Wednesday, March 03, 2010

Leggett Testifies in Favor of Drunk Driving Ignition Interlock Bill

Following is the testimony of County Executive Ike Leggett before the House Judiciary Committee on behalf of HB 743, a bill sponsored by Delegate Ben Kramer (D-19) that would mandate ignition interlocks on vehicles owned by convicted drunk drivers. The interlocks are breathalyzers that require the driver to submit a sober breath sample to start the vehicle. Leggett and his wife were hit by a repeat drunk driver in a car crash last year. Last year, the bill passed the Senate unanimously but did not get out of the House.

Testimony of County Executive Ike Leggett
Before the Maryland House of Delegates Judiciary Committee
March 3, 2010

Chairman Vallario, members of the Judiciary Committee. Thank you for this opportunity to offer a few words of support for Delegate Kramer’s Drunk Driving Elimination Act, House Bill 743.

Last year I survived a very close call in an automobile collision.

My wife and I were hit by a repeat drunk driver - a man who allegedly ignored the conditions of his probation and jeopardized the public safety by making the decision to drink and drive again.

We cannot know how many times he made the decision to drive under these conditions since his sentencing in August of 2008.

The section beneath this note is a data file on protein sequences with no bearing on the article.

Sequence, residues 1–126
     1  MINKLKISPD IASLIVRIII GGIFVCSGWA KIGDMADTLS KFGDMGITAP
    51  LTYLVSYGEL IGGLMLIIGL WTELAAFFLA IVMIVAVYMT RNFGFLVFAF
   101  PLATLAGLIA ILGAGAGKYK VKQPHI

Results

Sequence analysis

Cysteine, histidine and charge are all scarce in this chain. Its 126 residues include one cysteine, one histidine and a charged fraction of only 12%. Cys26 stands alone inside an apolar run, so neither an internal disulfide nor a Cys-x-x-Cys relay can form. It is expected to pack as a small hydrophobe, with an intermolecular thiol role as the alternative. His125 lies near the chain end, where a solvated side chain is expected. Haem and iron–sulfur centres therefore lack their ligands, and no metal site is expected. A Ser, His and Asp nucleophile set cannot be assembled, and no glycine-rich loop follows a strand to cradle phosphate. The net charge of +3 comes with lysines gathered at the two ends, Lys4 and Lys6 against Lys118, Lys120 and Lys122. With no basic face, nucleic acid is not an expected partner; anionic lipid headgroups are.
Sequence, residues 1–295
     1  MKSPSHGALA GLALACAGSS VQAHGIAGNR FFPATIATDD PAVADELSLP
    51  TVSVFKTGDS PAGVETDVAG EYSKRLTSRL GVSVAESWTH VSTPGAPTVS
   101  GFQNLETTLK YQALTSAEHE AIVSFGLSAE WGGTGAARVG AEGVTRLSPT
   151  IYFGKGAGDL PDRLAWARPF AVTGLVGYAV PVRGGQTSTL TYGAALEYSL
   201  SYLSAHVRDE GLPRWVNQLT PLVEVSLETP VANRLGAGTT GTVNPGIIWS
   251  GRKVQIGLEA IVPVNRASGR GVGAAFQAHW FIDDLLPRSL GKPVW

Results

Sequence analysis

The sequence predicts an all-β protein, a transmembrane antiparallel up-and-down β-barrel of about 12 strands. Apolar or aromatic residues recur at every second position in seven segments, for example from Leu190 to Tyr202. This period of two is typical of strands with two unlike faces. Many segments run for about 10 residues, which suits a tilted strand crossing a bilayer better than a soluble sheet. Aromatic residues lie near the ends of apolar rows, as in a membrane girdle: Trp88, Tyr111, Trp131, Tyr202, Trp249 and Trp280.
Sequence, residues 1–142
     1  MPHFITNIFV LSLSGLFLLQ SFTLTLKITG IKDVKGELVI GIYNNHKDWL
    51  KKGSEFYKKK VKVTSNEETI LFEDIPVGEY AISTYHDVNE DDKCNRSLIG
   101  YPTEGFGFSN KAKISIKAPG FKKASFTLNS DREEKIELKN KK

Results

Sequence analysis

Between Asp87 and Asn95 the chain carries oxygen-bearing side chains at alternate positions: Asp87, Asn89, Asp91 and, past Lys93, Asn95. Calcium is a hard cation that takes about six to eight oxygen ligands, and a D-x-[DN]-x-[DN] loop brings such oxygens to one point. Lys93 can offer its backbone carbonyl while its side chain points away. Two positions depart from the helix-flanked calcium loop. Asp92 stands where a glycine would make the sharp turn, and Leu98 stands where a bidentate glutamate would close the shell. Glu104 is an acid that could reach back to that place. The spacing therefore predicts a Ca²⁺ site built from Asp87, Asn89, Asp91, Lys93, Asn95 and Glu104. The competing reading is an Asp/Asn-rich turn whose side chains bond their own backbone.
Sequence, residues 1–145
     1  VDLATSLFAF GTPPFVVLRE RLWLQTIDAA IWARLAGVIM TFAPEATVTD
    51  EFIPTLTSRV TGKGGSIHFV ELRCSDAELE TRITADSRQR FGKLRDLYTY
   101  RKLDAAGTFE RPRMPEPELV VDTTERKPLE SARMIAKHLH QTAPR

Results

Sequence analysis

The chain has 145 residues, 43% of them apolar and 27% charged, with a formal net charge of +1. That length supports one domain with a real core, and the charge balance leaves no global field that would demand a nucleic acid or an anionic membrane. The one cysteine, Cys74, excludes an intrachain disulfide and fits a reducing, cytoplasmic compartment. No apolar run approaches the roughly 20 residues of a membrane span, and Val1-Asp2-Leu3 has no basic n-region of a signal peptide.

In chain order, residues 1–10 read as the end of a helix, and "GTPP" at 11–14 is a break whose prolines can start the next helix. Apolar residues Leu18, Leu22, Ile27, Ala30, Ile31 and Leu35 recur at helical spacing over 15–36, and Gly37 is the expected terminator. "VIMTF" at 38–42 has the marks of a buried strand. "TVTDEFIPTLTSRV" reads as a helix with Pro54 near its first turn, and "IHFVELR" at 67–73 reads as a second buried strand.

Had this driver's sentence included the use of an Ignition Interlock device, I might not have experienced that crash. And, had this legislation passed last year, others might have been spared a similar ordeal.

Ignition interlocks are breathalyzer devices that arc wired into a vehicle's ignition system. To start the vehicle, the convicted offender has to provide a sober breath sample by blowing into the interlock device. Interlock technology has come a long way since their initial development in the early 1970s.

Interlocks are highly accurate, reducing repeat drunk driving offenses by 65 percent with circumvention protections in place to prevent cheating.

The polls show the public strongly in favor of mandating ignition interlocks for convicted drunk drivers. In a recent poll even 82 percent of offenders believe interlocks are effective and fair.

The common misconception is that "first-time" drunk drivers have made a “one-time” mistake. That is far from the reality. Research conducted by the National Highway and Traffic Safety Administration shows that first-time offenders on average have driven drunk 87 times before their first arrest.

Plainly put, mandatory interlocks for convicted drunk drivers in Maryland can help reduce the risk to public safety from drunk drivers.

What we can do, we should do. I urge your support for House Bill 743.